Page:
Viewing page 14 of 20

AF Dec. 1966
From: "Present Day Art and Ready Made Styles" D. Bannard

have from the "frozen" quality, which lends a vague, Surrealistic aura, and this is sometimes heightened by theatrical lighting.

7. Andy Warhol seems to accept the consequences of Pop thinking more than the others. His Brillo boxes and Campbell's Soup cans reproduce the original, or at least look as much like the original as possible. He is the least "artistic" and most up-to-date of the Pop artists (except Kaprow, below), because he recognizes that Pop thinking can express itself better in film or in the theater, or even in "real life" than in the gallery, that in fact, Pop art does not belong on the walls of a gallery. The only concession to traditional picture-making in his last show was the wallpaper.

8. Allan Kaprow, more consciously and positively than Warhol, apprehends and accepts the implications of Pop thinking. Rauschenberg has said that anything can be subject matter for art, but Kaprow really means it. He has taken the Pop notion at face value. For him, anything we sense and experience in any way, can be, and should be, experienced esthetically. This becomes a kind of pantheism, or a specialized kind of theater, which is interesting, but has little to do with my subject, gallery art.

Because Kaprow is the most extreme, or purest, Pop artist, he is the furthest from painting in the gallery sense, demonstrating, to me at least, that gallery painting and Pop thinking are antithetical, and that their union on canvas is an unnatural one. I have always felt that the more successful Pop works were those furthest removed from "artistic" consideration, as indeed the Pop esthetic clearly states. Rauschenberg's Abstract Expressionist hangover, Rosenquist's awkward Cubist make-up, and Indiana's picture balancing are useless vestiges. (Lichtenstein is the only one of the eight I described who seems to be moving back into painting.) Eventually the cleavage will become visible; on the one hand there will be painters and sculptors, and on the other there will be Pop artists, doing the sort of thing Warhol and Kaprow are doing. It is just a matter of evolution and distinction. Pop thinking will find its proper expression away from the gallery.⁴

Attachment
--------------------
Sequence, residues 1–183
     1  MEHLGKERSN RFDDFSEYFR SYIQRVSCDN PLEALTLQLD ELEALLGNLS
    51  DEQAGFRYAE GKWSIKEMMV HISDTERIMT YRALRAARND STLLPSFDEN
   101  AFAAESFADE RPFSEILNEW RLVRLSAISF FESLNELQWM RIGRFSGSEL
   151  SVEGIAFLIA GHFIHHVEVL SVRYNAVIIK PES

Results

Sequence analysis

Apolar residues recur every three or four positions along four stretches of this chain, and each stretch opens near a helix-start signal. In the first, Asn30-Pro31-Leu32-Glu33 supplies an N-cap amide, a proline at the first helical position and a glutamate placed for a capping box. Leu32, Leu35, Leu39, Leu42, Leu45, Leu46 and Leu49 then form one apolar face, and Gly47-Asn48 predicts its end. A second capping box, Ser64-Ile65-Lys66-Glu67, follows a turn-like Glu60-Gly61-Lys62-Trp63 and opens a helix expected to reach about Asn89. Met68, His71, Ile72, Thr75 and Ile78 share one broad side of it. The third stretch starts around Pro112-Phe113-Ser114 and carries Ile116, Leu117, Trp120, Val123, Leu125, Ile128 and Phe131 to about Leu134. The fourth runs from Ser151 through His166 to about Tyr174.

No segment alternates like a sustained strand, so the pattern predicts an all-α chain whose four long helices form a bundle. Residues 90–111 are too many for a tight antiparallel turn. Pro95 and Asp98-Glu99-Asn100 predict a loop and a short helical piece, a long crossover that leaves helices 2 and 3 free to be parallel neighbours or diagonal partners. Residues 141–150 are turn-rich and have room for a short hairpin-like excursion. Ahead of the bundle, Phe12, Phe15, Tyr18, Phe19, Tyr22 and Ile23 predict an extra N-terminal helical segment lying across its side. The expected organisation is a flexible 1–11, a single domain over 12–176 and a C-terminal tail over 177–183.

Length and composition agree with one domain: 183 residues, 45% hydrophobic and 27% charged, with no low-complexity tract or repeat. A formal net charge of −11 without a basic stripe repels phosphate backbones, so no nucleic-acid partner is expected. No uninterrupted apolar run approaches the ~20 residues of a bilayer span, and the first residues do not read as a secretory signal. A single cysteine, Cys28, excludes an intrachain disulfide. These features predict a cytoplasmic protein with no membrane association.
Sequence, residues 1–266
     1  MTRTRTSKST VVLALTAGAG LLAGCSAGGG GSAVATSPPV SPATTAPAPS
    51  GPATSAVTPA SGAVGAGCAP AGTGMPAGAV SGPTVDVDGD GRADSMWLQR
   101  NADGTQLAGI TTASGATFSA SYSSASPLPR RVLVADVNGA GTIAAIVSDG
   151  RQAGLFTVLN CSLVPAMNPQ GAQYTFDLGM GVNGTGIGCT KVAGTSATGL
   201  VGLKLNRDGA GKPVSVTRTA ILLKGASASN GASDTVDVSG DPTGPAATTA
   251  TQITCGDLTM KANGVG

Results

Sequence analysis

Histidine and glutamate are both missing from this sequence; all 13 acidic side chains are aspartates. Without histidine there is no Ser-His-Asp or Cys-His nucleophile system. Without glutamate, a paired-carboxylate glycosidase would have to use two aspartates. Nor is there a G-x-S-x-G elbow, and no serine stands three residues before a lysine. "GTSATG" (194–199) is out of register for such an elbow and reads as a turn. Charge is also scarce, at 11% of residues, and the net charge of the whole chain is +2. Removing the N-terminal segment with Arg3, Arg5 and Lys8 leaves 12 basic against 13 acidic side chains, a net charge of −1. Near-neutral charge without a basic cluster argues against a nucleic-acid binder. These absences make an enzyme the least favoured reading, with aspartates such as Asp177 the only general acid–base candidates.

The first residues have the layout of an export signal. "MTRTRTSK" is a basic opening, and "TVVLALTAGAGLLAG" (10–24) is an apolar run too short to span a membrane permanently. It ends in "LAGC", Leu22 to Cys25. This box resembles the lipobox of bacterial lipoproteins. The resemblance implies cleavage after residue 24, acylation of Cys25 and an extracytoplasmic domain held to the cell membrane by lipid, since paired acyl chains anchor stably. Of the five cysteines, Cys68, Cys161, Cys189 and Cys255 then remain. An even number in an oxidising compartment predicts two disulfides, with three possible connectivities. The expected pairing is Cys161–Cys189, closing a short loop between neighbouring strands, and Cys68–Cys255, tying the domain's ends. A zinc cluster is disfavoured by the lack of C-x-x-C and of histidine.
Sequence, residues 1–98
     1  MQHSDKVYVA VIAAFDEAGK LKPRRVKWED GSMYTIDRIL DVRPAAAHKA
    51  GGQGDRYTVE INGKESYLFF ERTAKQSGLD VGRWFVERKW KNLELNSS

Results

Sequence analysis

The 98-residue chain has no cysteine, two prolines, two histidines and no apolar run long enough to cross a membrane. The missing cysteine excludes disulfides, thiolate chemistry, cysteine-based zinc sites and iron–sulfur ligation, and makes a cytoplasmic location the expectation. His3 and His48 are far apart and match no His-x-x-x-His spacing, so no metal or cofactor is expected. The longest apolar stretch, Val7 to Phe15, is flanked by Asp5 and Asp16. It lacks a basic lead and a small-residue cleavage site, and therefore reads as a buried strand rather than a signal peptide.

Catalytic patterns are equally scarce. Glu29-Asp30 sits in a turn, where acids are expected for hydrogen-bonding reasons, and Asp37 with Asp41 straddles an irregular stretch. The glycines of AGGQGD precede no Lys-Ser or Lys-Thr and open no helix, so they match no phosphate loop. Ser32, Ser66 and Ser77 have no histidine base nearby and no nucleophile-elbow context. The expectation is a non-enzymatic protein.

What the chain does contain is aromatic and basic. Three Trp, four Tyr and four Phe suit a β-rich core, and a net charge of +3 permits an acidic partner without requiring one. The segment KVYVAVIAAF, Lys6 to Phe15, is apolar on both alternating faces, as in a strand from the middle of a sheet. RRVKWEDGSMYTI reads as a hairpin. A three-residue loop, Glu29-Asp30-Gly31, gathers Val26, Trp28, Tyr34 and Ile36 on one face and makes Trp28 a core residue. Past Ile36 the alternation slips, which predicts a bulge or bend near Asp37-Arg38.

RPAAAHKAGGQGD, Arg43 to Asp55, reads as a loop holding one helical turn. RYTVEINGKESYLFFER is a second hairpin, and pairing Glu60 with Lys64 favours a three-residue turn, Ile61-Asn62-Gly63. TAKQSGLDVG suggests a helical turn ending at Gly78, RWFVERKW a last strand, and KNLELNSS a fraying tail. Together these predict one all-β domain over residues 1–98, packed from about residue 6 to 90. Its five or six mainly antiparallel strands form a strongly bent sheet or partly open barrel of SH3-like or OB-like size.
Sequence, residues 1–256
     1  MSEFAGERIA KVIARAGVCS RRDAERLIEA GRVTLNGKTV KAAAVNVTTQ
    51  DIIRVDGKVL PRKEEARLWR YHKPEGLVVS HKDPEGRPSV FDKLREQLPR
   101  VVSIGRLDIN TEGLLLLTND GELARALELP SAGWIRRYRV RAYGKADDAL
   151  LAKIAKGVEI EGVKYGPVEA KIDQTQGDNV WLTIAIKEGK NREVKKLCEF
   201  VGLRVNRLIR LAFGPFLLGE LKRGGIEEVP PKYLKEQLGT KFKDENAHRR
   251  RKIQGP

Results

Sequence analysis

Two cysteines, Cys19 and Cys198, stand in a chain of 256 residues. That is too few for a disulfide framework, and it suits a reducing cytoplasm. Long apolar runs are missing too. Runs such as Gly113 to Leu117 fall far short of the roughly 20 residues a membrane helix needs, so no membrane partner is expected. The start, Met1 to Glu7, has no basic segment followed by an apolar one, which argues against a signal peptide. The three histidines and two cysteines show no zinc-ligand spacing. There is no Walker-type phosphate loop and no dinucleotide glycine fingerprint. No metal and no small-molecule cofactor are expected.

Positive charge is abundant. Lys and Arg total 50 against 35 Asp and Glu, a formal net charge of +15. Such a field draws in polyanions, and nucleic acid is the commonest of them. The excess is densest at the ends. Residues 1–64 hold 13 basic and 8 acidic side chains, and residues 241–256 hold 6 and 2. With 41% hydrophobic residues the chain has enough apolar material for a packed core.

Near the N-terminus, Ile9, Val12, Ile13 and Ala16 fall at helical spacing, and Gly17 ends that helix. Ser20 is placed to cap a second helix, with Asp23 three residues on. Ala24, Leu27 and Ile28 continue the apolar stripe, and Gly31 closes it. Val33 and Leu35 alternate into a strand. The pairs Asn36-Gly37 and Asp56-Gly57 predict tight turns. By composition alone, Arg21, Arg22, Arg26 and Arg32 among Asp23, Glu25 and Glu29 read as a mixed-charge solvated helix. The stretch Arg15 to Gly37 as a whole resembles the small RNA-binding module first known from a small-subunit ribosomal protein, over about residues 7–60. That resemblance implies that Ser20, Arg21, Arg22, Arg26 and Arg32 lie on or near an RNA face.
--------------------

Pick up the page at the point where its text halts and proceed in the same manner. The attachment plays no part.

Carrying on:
The examination of Pop art raises a point which is important for an overall understanding of the Pop phenomenon - the apparent originality of a work depends on the prevalence and acceptance of the style within which the work appears. Pop art multiplied rapidly in the early '60s. I was amazed at its wide acceptance, because Rauschenberg and Johns were the acknowledged proprietors of this style, and it seemed to me that the newcomers were simply imitators. I did not reckon on the intense need for a jazzy successor to Abstract Expressionism. Instead of being astonished at the apparent similarity between the Pop artists, I should have realized that they were advancing a new front, a new stylistic environment, soil from which many slight varia-

[[image, top left]]
Carl Andre, Compound, detail, styrofoam, 1965

[[image, bottom left]]
Robert Morris, untitled, 8' dia., 2' h., fiberglas, 1966. (Dwan Gallery, L.A.)

[[image, right]]
Donald Judd, untitled sculpture, galvanized iron, 6" x 29" x 24", 1965

"...a set of clues, leading to talk."

Please note that the language and terminology used in this collection reflects the context and culture of the time of its creation, and may include culturally sensitive information. As an historical document, its contents may be at odds with contemporary views and terminology. The information within this collection does not reflect the views of the Smithsonian Institution, but is available in its original form to facilitate research. For questions or comments regarding sensitive content, access, and use related to this collection, please contact